A Very Uncomfortable Position

Jo writes in:

I started working as a PA for a TV show about 2 weeks ago. My issue is that one of the Key PAs is getting promoted and the UPM told me that I would be replacing her. I’m confident enough that I will be able to work as at Key PA, but what I am worried about is the other PA who has almost been working on the show for a year. She isn’t getting promoted.

I believe she knows what is going to happen, and treats me differently now. She comes off very rude at times to me and doesn’t care to help me out. I’m worried that when I do get promoted, it will be even worse. I understand her frustration, but what can I do so that she can still respect me and not talk down to me? What can I do when I do become a Key PA so that she respects me even though I will be managing what she does?

I have also overheard her saying some mean things about me, but I don’t want to cause more problems if I were to confront her about it. She’s one the youngest PAs, never went to college and isn’t as mature as the others who work for the show.

That. Sucks.

It’s an awkward position to be in, and there’s nothing you can really do about it. Unless you’re willing to turn down the job in favor of the other PA; even then, there’s no guarantee the UPM would give her the job, anyway.

No, I won't make a Miley Cyrus joke.
These are your choices.

It sounds like the reason the other PA was passed over was because of that immaturity you mentioned. Part of the problem of being immature is that you don’t know you’re immature. So, good luck explaining it to her.

Still, her reaction is natural, and the best you can do is power through it. Keep doing your job, keep being polite and friendly. If she drops the ball, you’ll just have to pick it up. Eventually, the boss will notice. Either she’ll be told to straighten up, or she’ll be let go.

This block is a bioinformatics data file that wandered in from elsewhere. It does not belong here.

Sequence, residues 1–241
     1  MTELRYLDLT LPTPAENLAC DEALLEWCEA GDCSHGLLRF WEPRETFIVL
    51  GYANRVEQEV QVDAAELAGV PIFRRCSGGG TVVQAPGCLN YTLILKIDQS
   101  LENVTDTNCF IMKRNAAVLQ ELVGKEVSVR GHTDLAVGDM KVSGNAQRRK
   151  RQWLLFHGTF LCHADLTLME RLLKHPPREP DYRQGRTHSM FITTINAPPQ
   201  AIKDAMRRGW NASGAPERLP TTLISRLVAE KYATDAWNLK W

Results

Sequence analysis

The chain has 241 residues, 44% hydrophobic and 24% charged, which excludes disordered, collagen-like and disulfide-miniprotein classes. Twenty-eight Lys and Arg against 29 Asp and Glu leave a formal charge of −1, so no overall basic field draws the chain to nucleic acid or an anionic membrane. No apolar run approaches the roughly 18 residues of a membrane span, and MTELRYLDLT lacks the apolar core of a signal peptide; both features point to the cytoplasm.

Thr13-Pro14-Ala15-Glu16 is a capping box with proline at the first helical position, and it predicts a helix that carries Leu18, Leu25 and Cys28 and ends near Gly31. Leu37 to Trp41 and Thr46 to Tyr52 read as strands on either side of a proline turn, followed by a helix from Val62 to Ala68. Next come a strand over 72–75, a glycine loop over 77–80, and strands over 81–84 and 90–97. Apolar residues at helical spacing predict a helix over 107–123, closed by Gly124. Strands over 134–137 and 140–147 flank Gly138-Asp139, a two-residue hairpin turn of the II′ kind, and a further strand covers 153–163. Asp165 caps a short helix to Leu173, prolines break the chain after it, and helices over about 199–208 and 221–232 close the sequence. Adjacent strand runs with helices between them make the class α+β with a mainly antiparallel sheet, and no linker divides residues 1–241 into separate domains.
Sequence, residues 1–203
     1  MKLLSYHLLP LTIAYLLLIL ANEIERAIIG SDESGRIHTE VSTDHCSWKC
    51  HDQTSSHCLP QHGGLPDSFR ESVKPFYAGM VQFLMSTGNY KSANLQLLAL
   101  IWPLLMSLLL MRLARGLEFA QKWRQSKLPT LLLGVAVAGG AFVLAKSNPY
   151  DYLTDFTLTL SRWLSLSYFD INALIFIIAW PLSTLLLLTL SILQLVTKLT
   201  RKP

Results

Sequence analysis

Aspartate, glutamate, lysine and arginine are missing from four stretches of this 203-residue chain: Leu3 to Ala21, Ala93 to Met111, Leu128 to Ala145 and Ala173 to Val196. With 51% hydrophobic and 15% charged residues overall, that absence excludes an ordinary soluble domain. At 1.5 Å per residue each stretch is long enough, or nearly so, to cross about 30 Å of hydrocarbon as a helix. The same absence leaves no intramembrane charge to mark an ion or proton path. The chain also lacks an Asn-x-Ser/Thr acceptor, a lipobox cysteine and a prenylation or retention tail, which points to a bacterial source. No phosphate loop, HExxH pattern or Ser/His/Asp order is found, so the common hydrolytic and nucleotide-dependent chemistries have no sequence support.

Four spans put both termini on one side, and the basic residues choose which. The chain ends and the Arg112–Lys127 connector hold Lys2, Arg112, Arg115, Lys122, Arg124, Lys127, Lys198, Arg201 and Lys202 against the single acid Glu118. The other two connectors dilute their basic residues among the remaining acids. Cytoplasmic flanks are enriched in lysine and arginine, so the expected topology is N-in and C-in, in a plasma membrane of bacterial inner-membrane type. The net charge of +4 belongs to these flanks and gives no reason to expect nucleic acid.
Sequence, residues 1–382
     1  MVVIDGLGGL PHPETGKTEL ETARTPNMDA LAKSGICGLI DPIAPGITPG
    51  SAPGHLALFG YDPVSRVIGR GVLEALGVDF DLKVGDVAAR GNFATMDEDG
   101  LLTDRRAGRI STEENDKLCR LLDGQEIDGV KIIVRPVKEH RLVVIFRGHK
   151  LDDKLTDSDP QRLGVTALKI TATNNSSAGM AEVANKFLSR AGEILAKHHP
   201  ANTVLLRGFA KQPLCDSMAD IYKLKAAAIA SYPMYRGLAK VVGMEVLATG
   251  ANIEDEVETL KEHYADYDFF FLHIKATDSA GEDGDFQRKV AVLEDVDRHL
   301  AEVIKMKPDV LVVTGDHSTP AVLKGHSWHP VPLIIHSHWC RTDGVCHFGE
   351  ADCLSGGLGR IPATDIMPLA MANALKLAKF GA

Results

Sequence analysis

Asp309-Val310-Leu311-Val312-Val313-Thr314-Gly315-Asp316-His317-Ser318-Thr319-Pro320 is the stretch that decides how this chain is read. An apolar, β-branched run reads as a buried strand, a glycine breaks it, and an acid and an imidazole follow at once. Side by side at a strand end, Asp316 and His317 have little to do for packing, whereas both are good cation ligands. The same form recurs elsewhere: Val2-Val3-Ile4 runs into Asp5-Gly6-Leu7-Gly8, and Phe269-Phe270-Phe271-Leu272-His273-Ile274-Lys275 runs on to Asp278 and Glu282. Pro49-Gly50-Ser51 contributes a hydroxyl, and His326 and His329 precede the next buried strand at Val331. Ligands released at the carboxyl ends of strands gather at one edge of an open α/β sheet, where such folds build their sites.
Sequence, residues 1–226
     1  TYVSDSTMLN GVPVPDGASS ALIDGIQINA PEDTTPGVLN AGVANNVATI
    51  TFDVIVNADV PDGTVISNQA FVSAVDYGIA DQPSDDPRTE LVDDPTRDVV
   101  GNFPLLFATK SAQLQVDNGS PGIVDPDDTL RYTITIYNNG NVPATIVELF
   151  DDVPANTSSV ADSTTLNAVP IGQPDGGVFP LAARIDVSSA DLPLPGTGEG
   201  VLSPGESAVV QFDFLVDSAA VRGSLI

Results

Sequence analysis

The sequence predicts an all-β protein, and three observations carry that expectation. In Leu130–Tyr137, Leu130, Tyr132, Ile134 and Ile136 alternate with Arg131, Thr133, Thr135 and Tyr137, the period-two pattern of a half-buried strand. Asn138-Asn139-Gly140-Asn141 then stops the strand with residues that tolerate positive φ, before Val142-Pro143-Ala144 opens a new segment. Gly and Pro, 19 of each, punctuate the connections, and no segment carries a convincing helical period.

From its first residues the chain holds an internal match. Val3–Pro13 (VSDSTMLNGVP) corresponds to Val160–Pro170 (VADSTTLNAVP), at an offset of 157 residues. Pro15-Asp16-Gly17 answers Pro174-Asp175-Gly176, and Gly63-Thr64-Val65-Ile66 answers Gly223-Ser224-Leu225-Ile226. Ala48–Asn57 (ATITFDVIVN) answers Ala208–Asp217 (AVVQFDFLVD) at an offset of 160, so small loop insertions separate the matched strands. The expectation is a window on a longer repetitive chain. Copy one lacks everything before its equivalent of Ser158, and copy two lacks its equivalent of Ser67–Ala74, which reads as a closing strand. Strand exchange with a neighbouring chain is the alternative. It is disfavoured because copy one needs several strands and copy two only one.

It sucks all around, but that’s all you can do.

Share on facebook
Share on twitter
Share on linkedin

2 Responses

  1. This only demonstrates how a great attitude is important, especially as a PA. With so many of us in the industry looking for work, it’s a wonder she hasn’t been fired yet. Feel free to contact me at abarrett1218atgmail if you need PA with some experience AND a great attitude! 🙂

  2. Definitely don’t turn down the job. Keep pressing ahead on your career opportunities, and perhaps on the next one you’ll have a better team/PA or she’ll grow a pair (that was mean, sorry). If she is that disappointed, maybe she should just go find another show instead of moping around about it; the fact is that these things do happen and there is nothing you can do about it. She should try to be an ally of yours, as if she plans to have any longevity she may definitely meet you again under different circumstances in the future (it’s a small world out there). It seems like a huge inconvenience now, but in five years, maybe you’ll be promoted more and more more and this other PA may even change her mind about wanting to work in the industry/ in such a position at all. Then in retrospect trying to save her by not taking the job/ cutting yourself off from the opportunity would have been a lost cause anyways. Until you’re in a position to really help someone like that (and when you are I think you probably wouldn’t anyways because the stakes would be greater for your reputation; like TAPA said, her mindset probably got her in that position in the first place), your back comes first.

Comments are closed.